In Figure 3a we compare the evolution with distance along the fiber of the power in different fiber modes. In quasi-linear conditions (input beam power , Fig. 3a for 15 µm beam radius), there is no power exchange between the fundamental mode (solid red curve) and HOMs. However, random mode coupling occurs among all modes except for the fundamental, which leads to an irregular output intensity pattern (top right panel). Whereas for beam powers above the self-cleaning threshold (beam power kW, Figs. 3b), parametric instability first increases the power fraction of the fundamental mode up to about (from ) within the first meter of fiber. Next, a continuous energy flow towards HOMs leads to nearly full depletion of intermediate LOMs along the fiber. These properties are better clarified by plotting the corresponding spectra of modal intensities (energy) and of all mode number (helicity), respectively, as shown in Figure 4. As can be seen, above the threshold for spatial beam cleaning ( kW), the LOMs get depleted, and energy flows towards the fundamental mode (inverse cascade) and the HOMs (direct cascade). For a larger beam (30 µm) the effect of self-cleaning becomes much weaker (Fig. 3c,d).

In our experiments, we have verified the analytically and numerically predicted strong sensitivity, induced by the presence of a parametric instability, of beam self-cleaning upon variations of the input beam launching conditions (e.g., the input beam size, or the number of initially excited modes). We launched into a 10-m-long MMF laser pulses from a Q-switched micro-chip Nd:YAG laser (Standa model STA-01-7), with a duration of 0.6 ns at the wavelength of 1064 nm. Using a 62.5 µm core GRIN fiber, in combination with a beam expander (Standa model 10BE03 diffraction-limited Galilean type beam expander) that allowed us for a continuous change of the input beam radius from 15 to 32 µm, we found that both the establishment and the stability of the self-cleaning effect are strongly dependent of the initial beam parameters, as our theory predicts.

A critical parameter for the observation of stable self-cleaning is the beam size at the fiber input. For an input transverse beam size which is much larger than the diameter of the fundamental mode of the GRIN MMF leads to huge coupling losses, as too many HOMs are excited. When the input beam size is small enough, one excites a beam close to the fundamental mode of the fiber (of 10 µm radius). Under such conditions, the output beam maintains a good quality, almost independently of power. The most interesting case corresponds to an intermediate beam size, which is close to the condition for optimal coupling into the MMF, and still it remains substantially larger than the fundamental mode. In Fig. 5 we illustrate typical cases for the power dependence of the output beam intensity pattern from the GRIN MMF. As can be seen, by increasing the input beam radius from µm up to µm (correspondingly, the beam coupling efficiency drops from 90% to 55%) while keeping the output peak power stable at kW, the beam self-cleaning effect is totally suppressed, in accordance with theoretical predictions of Fig. 3(c,d). Whereas, for an input beam radius between 15 and 17() µm, the speckled structure observed at low powers transforms, at powers kW, into a bright spot (Fig. 5) that is totally insensitive to fiber deformations, and changes of the input beam polarization state Krupa et al. (2017). Here the input beam radius is measured at the intensity level of from the peak.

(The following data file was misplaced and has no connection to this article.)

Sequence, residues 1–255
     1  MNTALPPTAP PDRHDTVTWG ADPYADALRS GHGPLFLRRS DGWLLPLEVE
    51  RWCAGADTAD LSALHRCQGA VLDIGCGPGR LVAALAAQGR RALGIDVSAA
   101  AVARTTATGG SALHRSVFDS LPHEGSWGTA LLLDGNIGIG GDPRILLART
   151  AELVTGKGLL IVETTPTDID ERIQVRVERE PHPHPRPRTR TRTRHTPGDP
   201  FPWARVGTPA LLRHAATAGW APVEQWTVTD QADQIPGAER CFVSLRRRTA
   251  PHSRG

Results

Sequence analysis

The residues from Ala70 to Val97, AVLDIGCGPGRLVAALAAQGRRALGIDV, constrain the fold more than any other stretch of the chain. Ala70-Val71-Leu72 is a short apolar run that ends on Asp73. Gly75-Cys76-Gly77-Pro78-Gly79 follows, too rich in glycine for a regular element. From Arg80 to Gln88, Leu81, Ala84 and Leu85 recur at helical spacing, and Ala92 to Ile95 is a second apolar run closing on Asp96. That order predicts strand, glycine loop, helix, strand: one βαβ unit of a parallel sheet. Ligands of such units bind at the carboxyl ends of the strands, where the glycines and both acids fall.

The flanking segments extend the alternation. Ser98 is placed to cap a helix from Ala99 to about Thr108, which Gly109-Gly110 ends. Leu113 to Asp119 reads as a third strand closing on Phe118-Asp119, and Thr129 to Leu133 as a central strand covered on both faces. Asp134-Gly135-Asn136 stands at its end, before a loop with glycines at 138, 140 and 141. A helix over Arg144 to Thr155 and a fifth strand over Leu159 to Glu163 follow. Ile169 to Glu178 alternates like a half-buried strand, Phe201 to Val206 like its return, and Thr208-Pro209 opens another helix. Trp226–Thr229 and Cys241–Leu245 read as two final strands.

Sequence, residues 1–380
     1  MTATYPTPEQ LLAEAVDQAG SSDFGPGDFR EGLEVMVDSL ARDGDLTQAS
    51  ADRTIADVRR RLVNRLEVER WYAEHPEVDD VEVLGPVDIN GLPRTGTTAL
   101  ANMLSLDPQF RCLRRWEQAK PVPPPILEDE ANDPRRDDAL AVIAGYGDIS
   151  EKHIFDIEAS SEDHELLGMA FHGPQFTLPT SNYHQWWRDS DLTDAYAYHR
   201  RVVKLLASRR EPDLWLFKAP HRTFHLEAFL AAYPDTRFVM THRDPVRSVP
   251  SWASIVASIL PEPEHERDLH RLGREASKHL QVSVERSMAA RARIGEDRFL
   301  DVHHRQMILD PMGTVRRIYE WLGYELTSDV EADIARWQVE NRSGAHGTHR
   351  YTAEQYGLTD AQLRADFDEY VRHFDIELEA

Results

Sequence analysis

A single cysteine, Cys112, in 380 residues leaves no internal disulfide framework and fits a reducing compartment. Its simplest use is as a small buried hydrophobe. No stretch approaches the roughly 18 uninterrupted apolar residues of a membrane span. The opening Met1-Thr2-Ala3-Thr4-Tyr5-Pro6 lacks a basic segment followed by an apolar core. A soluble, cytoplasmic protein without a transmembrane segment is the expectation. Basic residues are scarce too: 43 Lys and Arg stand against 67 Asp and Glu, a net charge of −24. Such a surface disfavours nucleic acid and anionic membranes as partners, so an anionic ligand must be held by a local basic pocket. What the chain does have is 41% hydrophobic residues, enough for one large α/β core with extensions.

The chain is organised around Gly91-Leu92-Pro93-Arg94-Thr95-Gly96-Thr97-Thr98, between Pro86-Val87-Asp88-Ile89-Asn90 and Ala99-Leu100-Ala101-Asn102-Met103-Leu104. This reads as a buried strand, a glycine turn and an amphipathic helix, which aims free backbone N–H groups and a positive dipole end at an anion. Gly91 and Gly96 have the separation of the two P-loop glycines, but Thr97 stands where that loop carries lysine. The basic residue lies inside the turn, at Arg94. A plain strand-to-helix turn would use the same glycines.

Our main result is the experimental confirmation of the conservation of the average mode number, as predicted by Eqs.Hydrodynamic 2D turbulence and spatial beam condensation in multimode optical fibers, in the process of beam self-cleaning. This condition characterizes the simultaneous occurrence of inverse and direct energy cascade in hydrodynamic 2D turbulence Kraichnan (1967); Kraichnan and Montgomery (1980). In the experiment, we measure the average mode number as

(7) |

where: is the area of the fundamental mode , whereas , denote the beam area in near field and far field, respectively. The value in the near- and far-field was calculated by using the ABCD matrix method, in order to normalize integrals in the equation for the average mode number. The theoretically calculated size of the fundamental mode for a 62.5 µm core GRIN fiber was used as initial value. As a result, we were able to calculate the magnification factor in both cases. In Fig. 6 we show the measured dependence of the average mode number for the two cases of µm (top) and 30 µm (bottom) size input beams. As can be seen, the input average mode number is conserved in all cases, in excellent agreement with the theoretical values (solid curves). Note that the total number of modes in the GRIN MMF is equal to . Therefore, our experiments confirm that the mechanism of self-cleaning is based on a mode redistribution from intermediate transversal modes to the fundamental (inverse cascade), and to higher-order ones (direct cascade), as in hydrodynamic 2D-turbulence. Such a behavior is associated with the presence of a parametric spatial instability in the nonlinear mode coupling process.

To summarize, we experimentally demonstrated that beam self-cleaning in multimode optical fibers is a process that conserves the average mode number, in spite of the dramatic nonlinear change and self-organization into the fundamental mode of the output intensity pattern. We pointed out that the process of energy flow into the fundamental and HOMs at the expense of modes with intermediate wave numbers originates from a parametric instability, in analogy with hydrodynamic 2D turbulence. These results provide yet another demonstration of the parallelisms between hydrodynamic and optical turbulence, and of the universality of mechanisms for spatial pattern generation in different physical settings.

###### Acknowledgements.

This work was supported by the Russian Ministry of Science and Education (Grant 14.Y26.31.0017), and the European Research Council (ERC) under the European Union’s Horizon 2020 research and innovation programme (grant No. 740355). Work of SKT was supported by the Russian Science Foundation (Grant No. 17-72-30006).## References